Understand the difference between Hashing and Encryption
If you think that Hashing, Encryption, are the same thing, you are wrong! However, you’re not alone. There is an awful lot of confusion surrounding these three terms. As similar, as they may sound, they are all totally different things. Before getting down to business though, let’s understand a few things first.
From a security point of view what are the most important things when sending data/message on the internet?
First, you want to let the other person know that the message has been sent from you – not from anyone else.
Second, you want the message to be in the exact same format – without any alteration or modification.
And third, you want your message to be protected from the reach of ill-intended people – hackers, fraudsters & other types of cyber criminals. These three functions can be designated as:
- Identity Verification
So, how exactly is this done? Hashing and Encryption are the answers. Now you must be thinking ‘Doesn’t that make them the same thing?’ The answer is NO.
Let’s start with Hashing.
Let’s try to imagine life without hashing. Suppose, it’s someone’s birthday and you decide to send a ‘Happy Birthday’ message. Your geeky (and funny!) friend decides to have a bit of fun at your expense so he intercepts it and turns your ‘Happy Birthday’ message into a ‘Rest in Peace’ message (imagine the consequences!). This could happen and you wouldn’t even know it (until you are at the receiving end of certain reactions!).
Jokes aside, Hashing protects the integrity of your data. It protects your data against potential alteration so that your data isn’t changed one bit.
Basically, a hash is a number that is generated from the text through a hash algorithm. This number is smaller than the original text.
The algorithm is designed in such a way that no two hashes are the same for two different texts. And it is impossible (almost!) to go back from the hash value to the original text. It’s kind of like a cow moving on stairs – it can move upstairs but not down!! Anyway, looping back to our “happy birthday” message. Had you hashed your message, the intended recipient of your message would unhash the message and see a different value than what should come back. At that point, they’ll know the message has been tampered with.
That’s one of the most indispensable properties of Hashing—its uniqueness. There cannot be the same hash value for different text. Even the tiniest bit of change/modification will alter the hash value completely. This is called the Avalanche Effect.
Let’s understand this with an example. In the below example, we have applied the SHA-1 algorithm. Let’s see how it goes.
Text: Everybody loves donuts.
SHA-1 Hash value of the text above: daebbfdea9a516477d489f32c982a1ba1855bcd
Let’s not get involved in the donut debate (is there a debate?) and focus on hashing for the time being. Now if we make a tiny bit of change in the sentence above, the hash value will change entirely. Let’s see how it goes.
New text: Everybody loves donuts.
SHA-1 Hash value of the new text: 8f2bd584a1854d37f9e98f9ec4da6d757940f388
See how the hash value changed entirely when we removed the ‘s’ from Donuts? That’s what hashing does for you.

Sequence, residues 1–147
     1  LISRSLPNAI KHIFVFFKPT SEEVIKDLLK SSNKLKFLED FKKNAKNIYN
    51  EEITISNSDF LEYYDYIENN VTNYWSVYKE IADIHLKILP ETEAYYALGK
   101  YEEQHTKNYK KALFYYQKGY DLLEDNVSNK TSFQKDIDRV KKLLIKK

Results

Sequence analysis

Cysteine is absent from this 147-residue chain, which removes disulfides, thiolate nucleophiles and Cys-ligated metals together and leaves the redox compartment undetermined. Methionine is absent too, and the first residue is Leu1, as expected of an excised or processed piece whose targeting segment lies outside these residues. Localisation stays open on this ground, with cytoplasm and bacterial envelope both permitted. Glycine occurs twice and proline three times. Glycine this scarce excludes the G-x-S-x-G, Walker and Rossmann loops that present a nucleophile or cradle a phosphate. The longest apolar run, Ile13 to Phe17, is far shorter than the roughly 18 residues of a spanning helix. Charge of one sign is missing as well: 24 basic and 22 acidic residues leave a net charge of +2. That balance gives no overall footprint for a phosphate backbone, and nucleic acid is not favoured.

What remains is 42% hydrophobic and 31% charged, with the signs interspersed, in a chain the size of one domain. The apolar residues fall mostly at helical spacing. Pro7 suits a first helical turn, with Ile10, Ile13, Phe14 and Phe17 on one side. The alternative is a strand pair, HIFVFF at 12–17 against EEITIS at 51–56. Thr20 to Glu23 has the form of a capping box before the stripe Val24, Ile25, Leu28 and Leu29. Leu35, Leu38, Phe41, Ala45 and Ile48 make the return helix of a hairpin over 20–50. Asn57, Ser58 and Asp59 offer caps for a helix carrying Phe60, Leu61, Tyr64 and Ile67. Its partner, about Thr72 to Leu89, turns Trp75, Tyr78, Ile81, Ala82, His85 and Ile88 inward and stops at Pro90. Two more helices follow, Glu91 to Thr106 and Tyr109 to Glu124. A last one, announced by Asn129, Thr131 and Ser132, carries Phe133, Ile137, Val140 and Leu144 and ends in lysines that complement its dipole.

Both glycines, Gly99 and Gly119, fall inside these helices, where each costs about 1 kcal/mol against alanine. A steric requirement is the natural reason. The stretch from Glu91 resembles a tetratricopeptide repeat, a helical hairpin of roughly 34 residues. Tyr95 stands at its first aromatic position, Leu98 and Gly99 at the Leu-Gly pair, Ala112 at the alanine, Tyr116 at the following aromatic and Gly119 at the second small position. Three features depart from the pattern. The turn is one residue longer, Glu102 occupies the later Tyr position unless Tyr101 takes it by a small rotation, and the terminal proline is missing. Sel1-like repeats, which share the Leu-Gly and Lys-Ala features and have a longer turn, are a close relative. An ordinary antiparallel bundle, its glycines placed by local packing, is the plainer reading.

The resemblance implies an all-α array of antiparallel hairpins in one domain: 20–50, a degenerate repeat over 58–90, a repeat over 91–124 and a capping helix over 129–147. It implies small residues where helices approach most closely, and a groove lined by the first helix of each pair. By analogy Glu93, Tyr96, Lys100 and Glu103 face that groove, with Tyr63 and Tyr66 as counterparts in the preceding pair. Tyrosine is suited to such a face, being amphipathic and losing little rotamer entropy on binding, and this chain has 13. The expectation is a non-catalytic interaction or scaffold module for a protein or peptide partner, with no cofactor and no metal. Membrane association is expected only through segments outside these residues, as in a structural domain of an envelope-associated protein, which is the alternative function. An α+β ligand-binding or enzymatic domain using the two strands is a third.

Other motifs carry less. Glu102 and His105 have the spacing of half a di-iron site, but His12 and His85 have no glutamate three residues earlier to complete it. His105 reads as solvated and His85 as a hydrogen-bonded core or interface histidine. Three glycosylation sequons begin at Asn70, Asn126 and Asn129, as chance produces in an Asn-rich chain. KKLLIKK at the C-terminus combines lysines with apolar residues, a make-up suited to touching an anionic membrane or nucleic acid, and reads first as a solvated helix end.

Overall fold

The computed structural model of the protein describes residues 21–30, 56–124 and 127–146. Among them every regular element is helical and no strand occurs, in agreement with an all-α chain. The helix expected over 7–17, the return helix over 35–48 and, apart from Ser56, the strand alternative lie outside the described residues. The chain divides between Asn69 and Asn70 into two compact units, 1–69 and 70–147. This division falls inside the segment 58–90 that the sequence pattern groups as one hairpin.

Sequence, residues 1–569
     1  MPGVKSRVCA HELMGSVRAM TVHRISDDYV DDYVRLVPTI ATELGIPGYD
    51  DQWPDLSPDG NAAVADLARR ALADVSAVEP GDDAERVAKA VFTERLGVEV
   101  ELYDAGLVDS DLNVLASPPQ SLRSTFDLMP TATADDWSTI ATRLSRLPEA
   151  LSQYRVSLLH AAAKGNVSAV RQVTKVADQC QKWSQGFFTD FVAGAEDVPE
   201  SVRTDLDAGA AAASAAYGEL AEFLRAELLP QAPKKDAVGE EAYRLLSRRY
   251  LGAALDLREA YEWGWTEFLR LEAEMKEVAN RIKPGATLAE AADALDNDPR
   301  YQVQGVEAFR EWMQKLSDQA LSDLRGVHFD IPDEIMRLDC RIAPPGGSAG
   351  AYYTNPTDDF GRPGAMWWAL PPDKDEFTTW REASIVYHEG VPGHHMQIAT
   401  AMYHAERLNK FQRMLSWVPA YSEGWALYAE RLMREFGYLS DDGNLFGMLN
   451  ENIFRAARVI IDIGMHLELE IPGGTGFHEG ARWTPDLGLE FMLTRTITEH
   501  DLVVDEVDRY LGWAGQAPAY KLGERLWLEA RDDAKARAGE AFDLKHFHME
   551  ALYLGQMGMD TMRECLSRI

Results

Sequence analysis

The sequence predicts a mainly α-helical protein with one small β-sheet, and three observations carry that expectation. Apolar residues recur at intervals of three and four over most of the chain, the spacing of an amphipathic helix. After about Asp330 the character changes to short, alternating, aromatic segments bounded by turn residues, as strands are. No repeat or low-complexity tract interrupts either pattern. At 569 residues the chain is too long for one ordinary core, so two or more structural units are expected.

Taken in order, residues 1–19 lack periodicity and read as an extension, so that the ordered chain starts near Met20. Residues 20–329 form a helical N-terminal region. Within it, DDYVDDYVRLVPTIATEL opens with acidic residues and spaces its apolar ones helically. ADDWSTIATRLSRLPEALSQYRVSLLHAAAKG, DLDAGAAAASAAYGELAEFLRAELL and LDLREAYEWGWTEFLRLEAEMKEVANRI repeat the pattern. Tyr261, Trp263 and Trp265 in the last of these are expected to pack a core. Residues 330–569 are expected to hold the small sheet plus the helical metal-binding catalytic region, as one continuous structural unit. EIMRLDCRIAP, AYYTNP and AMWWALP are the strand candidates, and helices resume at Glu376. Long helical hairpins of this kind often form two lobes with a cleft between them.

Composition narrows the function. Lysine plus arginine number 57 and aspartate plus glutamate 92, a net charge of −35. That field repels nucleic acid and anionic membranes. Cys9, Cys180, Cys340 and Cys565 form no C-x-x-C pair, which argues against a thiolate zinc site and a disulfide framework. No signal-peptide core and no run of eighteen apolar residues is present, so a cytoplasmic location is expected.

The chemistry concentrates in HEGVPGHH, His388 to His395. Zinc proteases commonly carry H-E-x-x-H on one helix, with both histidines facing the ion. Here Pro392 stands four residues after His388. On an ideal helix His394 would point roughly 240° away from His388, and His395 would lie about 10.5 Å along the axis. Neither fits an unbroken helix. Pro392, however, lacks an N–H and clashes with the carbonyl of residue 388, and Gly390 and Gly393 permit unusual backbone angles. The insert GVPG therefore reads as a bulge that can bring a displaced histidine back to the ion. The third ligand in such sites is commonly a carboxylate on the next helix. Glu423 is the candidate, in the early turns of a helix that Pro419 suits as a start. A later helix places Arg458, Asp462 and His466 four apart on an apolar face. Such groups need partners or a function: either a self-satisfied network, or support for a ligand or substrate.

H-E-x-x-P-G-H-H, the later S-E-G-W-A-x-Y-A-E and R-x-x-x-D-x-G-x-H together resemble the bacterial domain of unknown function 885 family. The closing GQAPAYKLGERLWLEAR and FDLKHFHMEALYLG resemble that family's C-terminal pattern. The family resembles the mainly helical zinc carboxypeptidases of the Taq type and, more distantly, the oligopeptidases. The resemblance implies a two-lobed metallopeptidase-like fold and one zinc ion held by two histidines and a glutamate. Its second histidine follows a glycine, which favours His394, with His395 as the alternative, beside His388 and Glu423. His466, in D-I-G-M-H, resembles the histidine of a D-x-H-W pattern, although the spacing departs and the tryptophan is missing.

Uses of Hashing
- Hashing is an effective method to compare and avoid duplication in databases.
- Hashing is used in Digital signatures and SSL certificates.
- Hashing can be used to find a specific piece of data in big databases.
- Hashing is widely used in computer graphics.
It’s almost impossible to imagine the internet without Encryption. Encryption is what keeps the artificial world of the internet secured. Encryption keeps data secured and confidential. Fundamentally, it is the process of transforming your confidential data into an unreadable format so that no hacker or attacker can manipulate or steal it. Thereby, serving the purpose of confidentiality.
The encryption of data is executed through cryptographic keys. The information is encrypted before it’s sent and decrypted by the receiver. Therefore, the data is safe when it is “in the air.”
Based on the nature of the keys, encryption can be classified into two main categories – symmetric encryption, asymmetric encryption. Let’s understand them in detail.
Symmetric Encryption: In symmetric encryption, the data is encrypted and decrypted using a single cryptographic key. It means that the key used for encryption is used for decryption as well.
Asymmetric Encryption: Asymmetric encryption is a relatively new technique compared to its counterpart. It involves the use of two different keys, one for encryption and one for decryption purposes. One key is known as a ‘Public Key’ and the other is regarded as a ‘Private Key.’
The Public Key is virtually everywhere. Even you possess it without even knowing it. One is stored in your web browser every time you visit an HTTPS-enabled website.
When you send any data to an encrypted site, it is encrypted using the Public Key. The Private Key, on the other hand, is only with the receiver and must be kept discreet. Private Key is used to decrypt the encrypted data. The use of two distinct keys makes the encryption process more secure and a tad slower.
Both these techniques are used in the SSL/TLS certificates. The Asymmetric Encryption is first applied for the SSL handshake process — server validation if you call it. Once the connection is in place between the server and the client, Symmetric Encryption takes care of the data encryption.
LET’S FLASHBACK A BIT
- Hashing: A string of numbers generated to confirm the integrity of data through hashing algorithms.
- Encryption: A technique used to maintain the confidentiality of data by converting the data into an undecipherable format.